1019 BANK OF ENGLAND AND DEVOLVED ADMINISTRATIONS (No. 2) 29:1:14
That this House notes that the Bank of England is responsible for monetary policy in Wales, Scotland, Northern Ireland, England, the Isle of Man and the Channel Islands; further notes that there are currently differing degrees of fiscal independence already in each of the nations of the sterling currency zone; believes that monetary policy should operate in the interests of all component nations of the UK; calls for greater accountability arrangements with the devolved legislatures and governments; further notes that the Monetary Policy Committee of the Central Bank is responsible for independently determining monetary policy; further notes that the Committee is made up of nine members - the Governor of the Central Bank, the two Deputy Governors, the Bank's Chief Economist, the Executive Director for Markets and four external members appointed directly by the Chancellor; believes in the spirit of a partnership of equals within the currency zone that the devolved parliaments in future should each appoint an external member following the end of term of the current members; and further believes the Bank of England should be renamed the Sterling Central Bank to reflect political reality.
1020 NEWSNIGHT CYMRU 29:1:14
That this House notes that BBC Scotland broadcasts a Newsnight Scotland programme four nights a week to report on Scottish politics at both Westminster, Scottish Parliament and local government; and calls for the BBC immediately to commission a Newsnight Cymru programme on the same terms as Newsnight Scotland to ensure that Welsh viewers are treated with the same dignity and respect as Scottish citizens, ensure that Welsh politicians at both Westminster, Senedd and local government levels are held to better account and that talented Welsh BBC journalists are provided with an adequate opportunity to report on Welsh political events.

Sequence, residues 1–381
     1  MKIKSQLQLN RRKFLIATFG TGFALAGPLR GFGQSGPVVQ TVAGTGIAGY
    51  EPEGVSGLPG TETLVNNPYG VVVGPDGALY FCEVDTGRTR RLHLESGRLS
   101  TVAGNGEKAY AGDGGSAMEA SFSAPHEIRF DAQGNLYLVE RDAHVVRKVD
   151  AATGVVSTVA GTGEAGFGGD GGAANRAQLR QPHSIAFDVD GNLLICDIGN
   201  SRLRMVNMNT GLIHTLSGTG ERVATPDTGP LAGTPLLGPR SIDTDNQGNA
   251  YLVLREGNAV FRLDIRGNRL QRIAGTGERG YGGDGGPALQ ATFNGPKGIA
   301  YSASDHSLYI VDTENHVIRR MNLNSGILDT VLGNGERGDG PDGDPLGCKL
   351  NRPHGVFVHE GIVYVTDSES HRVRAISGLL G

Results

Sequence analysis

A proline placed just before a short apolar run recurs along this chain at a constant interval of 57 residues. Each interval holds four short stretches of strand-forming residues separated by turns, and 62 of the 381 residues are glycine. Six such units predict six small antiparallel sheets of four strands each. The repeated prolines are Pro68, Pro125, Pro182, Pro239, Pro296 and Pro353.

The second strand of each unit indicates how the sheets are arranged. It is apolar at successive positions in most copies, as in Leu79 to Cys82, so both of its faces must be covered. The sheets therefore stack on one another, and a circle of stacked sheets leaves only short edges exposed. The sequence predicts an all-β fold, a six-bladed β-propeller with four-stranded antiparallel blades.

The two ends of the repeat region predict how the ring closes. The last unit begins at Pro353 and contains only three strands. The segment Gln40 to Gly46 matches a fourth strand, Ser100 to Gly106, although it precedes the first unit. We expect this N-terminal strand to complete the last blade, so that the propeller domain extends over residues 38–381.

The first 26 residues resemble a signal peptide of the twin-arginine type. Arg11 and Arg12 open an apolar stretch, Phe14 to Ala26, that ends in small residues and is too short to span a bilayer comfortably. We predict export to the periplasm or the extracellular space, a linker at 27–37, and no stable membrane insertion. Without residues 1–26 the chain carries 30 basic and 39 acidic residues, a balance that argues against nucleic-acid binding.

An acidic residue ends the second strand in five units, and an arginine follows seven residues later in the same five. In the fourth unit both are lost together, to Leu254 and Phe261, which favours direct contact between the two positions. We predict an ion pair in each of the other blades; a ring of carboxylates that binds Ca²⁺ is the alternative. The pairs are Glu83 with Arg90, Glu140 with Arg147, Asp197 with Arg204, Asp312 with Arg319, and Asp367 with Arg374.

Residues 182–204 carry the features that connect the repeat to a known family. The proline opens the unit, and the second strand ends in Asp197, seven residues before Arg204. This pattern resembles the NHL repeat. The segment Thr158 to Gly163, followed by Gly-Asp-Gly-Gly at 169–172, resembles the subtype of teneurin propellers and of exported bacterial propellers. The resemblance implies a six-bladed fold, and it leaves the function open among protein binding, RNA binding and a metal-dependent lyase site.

1021 TERRORISM ACT AND PRESS FREEDOM 29:1:14
That this House notes the views of Frank La Rue, the UN special rapporteur on the promotion and protection of freedom of opinion and expression, that the Terrorism Act and defence of national security must not be used as grounds for harassing journalists who investigate sensitive subjects such as human rights abuses; further notes the comments of the former Lord Chancellor, who was among those who brought in the Act, that the powers were intended to be used only against people who are, or who might be, terrorists; expresses concern about the abuse of Schedule 7 of the Terrorism Act 2000 in recent cases, including that of David Miranda, detained and questioned for collaborating with Laura Poitras and Glenn Greenwald to bring the information leaked by NSA whistleblower Edward Snowden to public attention; expresses further concern that a UK journalist with the WikiLeaks team, Sarah Harrison, is in exile and has been advised by her lawyers that it is not safe to return home on the grounds that almost every story published on the GCHQ and NSA bulk spying programs falls under the UK Government's interpretation of the word terrorism; believes that Schedule 7 of the Terrorism Act 2000 is being illegitimately used to undermine freedom of the press; and calls on the Government urgently to review the application of the Terrorism Act 2000 and guarantee that it is not used to intimidate or persecute national security journalists.